The contest to succeed Michael E. Busch as Maryland House speaker intensified Wednesday, one day after his funeral, with the lead contender warning of a rift in her party if rivals try to win with support from the chamber’s Republican minority.
Del. Maggie McIntosh (D-Baltimore City) said she is shoring up support among Democratic delegates and thinks she can win a majority of votes in the party’s 98-member caucus, which traditionally delivers the speakership.
But McIntosh said she has heard rumors that the 42-member Republican caucus, which plans to vote as a bloc, could team with Democrats who support Del. Dereck E. Davis (D-Prince George’s) or Speaker Pro Tem Adrienne A. Jones (D-Baltimore County), both of whom are also actively seeking the job.
Davis won a recent closed-door straw poll of the 45-member Legislative Black Caucus, but the vote was not unanimous, The Washington Post reported last week. He also has the open backing of Prince George’s County Executive Angela D. Alsobrooks (D) and many other politicians from the county.
“We all have to come together in the end and stick together as a caucus,” McIntosh said Wednesday. “That is not to say that you don’t work with the Republicans. We work with the Republican Party to govern. But not to choose our speaker.”
The 141-member House of Delegates is expected to elect a successor to Busch (D-Anne Arundel) in a special legislative session on May 1. The winner needs a majority vote.
Del. Eric Luedtke, who chairs the House Democratic Caucus, said that in his experience the caucus has always united behind whichever candidate wins a majority of support among its members.
“I expect and hope that the caucus will come together” on May 1, he said.
The all-Democratic Legislative Black Caucus will meet in coming days to decide on a candidate, and will then throw all of its support behind that person, said its head, Del. Darryl Barnes (D-Prince George’s).
“The Black Caucus will be 100 percent unified by the time a vote takes place on May 1,” Barnes said, adding that all three candidates “would make history.”
McIntosh, 71, Davis, 51, and Jones, 64, were all close lieutenants of Busch, the longest-serving speaker in state history. McIntosh is an openly gay white woman; Davis and Jones are African Americans. In Maryland, only white men have served as governor, Senate president or speaker of the House.
Asked whether he would push for an African American speaker, Barnes said that his priorities as the chair of the Black Caucus are twofold: To make sure the next speaker is “putting the African American community at the forefront of their agenda,” and to find the person best-suited to lead the sometimes unruly House.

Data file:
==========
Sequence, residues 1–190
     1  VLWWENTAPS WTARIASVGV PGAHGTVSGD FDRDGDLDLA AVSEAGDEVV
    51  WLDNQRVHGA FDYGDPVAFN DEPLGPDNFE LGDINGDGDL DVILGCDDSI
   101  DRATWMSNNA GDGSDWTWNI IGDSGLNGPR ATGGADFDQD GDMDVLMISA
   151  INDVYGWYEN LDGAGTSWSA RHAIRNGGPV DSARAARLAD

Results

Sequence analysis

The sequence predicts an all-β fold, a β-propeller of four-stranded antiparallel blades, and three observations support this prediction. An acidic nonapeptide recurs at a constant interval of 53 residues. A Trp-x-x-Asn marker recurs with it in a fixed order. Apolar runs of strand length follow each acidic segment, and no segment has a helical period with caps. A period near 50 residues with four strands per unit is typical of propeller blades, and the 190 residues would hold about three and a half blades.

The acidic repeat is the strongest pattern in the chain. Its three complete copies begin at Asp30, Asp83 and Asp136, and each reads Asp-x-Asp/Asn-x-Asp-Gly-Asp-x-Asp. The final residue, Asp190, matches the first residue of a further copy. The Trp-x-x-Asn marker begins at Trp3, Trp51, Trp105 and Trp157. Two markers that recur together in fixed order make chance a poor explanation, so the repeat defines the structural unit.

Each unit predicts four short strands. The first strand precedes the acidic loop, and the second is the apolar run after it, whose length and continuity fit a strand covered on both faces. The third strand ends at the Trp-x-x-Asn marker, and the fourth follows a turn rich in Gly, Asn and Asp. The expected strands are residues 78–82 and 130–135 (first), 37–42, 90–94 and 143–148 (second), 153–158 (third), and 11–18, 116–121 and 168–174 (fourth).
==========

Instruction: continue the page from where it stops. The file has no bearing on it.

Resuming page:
House Minority Leader Nicholaus R. Kipke (R-Anne Arundel) said Wednesday that the Republican caucus will vote as a bloc but has not yet decided whom to support. Kipke said that the caucus authorized him to have conversations with candidates vying to succeed Busch and that some of those conversations have happened in recent days.
“None of them have asked me for our support, nor have I asked for anything,” Kipke said. “I have expressed to them that whoever the next speaker is, we expect them to build on the positive relationship we had, especially in recent years, with Speaker Busch.”
He declined to say whom he is inclined to support, saying; “I think any of them can rise to the occasion.”
McIntosh, chair of the Appropriations Committee, said she had not spoken with Kipke.
Davis, chair of the Economic Matters Committee, said he has spoken with the Republican leader and other members of that caucus because he wants to be a leader who is “open and inclusive of all members.”
“It would be foolish not to talk with everyone, because everyone has a voice,” said Davis, who is generally viewed as more centrist and business-friendly than McIntosh.
Davis said he has spent recent days calling members on both sides of the aisle, learning about the issues in each of their districts. He said he is focusing on individual members, not caucuses.
“I’m not running for speaker of the Democratic Caucus or the Legislative Black Caucus,” he said. “I’m not looking for any particular bloc.”
Davis said it is premature to speculate about how the Democratic caucus members will vote and what could happen after that vote. “People change their minds,” he said.
Jones said that she has spoken with Kipke but that her focus is on winning support among Democrats. She said she has been doing a “full-court press” since Busch’s funeral, making individual calls to delegates in the Democratic caucus asking for their support.
“I have to get them on board first,” she said. “We don’t want the House to be divided with the loss of the speaker.”
She said that many thought she was not interested in the position because she did not begin discussing it until after Busch’s death. “I’m playing catch-up,” she said, declining to cite the number of commitments she has received.
McIntosh said she knows she has “strong support” among members of the Black Caucus and would not be running if she didn’t.
She said she has been calling Democrats who support Davis and Jones, stressing the importance of being unified as a party and asking them to shift their support to her if she wins a majority vote of the Democratic caucus.
She said that a few delegates so far have pledged to do so.
“I’m not going to rest until it’s over,” she said.